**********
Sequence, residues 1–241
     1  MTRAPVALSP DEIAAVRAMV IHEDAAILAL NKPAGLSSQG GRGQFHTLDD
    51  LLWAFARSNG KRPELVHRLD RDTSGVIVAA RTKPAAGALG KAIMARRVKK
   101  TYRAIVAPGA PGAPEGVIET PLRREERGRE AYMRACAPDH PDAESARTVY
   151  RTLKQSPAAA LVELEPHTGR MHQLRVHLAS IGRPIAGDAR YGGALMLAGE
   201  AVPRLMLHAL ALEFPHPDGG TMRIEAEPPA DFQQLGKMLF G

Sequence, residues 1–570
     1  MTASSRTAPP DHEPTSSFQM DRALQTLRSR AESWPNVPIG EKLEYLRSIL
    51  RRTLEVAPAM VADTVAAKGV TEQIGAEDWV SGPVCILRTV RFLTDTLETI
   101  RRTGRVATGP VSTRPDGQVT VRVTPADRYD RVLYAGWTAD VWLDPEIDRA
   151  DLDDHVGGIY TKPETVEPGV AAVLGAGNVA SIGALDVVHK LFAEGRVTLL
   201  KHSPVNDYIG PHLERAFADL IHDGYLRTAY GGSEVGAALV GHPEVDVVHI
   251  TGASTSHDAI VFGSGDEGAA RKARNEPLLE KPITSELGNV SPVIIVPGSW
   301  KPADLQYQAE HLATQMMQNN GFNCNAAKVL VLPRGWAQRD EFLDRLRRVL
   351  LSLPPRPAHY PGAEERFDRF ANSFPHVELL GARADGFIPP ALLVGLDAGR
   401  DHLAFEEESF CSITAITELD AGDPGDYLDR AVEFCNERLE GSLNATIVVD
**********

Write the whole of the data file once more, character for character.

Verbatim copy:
Sequence, residues 1–241
     1  MTRAPVALSP DEIAAVRAMV IHEDAAILAL NKPAGLSSQG GRGQFHTLDD
    51  LLWAFARSNG KRPELVHRLD RDTSGVIVAA RTKPAAGALG KAIMARRVKK
   101  TYRAIVAPGA PGAPEGVIET PLRREERGRE AYMRACAPDH PDAESARTVY
   151  RTLKQSPAAA LVELEPHTGR MHQLRVHLAS IGRPIAGDAR YGGALMLAGE
   201  AVPRLMLHAL ALEFPHPDGG TMRIEAEPPA DFQQLGKMLF G

Sequence, residues 1–570
     1  MTASSRTAPP DHEPTSSFQM DRALQTLRSR AESWPNVPIG EKLEYLRSIL
    51  RRTLEVAPAM VADTVAAKGV TEQIGAEDWV SGPVCILRTV RFLTDTLETI
   101  RRTGRVATGP VSTRPDGQVT VRVTPADRYD RVLYAGWTAD VWLDPEIDRA
   151  DLDDHVGGIY TKPETVEPGV AAVLGAGNVA SIGALDVVHK LFAEGRVTLL
   201  KHSPVNDYIG PHLERAFADL IHDGYLRTAY GGSEVGAALV GHPEVDVVHI
   251  TGASTSHDAI VFGSGDEGAA RKARNEPLLE KPITSELGNV SPVIIVPGSW
   301  KPADLQYQAE HLATQMMQNN GFNCNAAKVL VLPRGWAQRD EFLDRLRRVL
   351  LSLPPRPAHY PGAEERFDRF ANSFPHVELL GARADGFIPP ALLVGLDAGR
   401  DHLAFEEESF CSITAITELD AGDPGDYLDR AVEFCNERLE GSLNATIVVD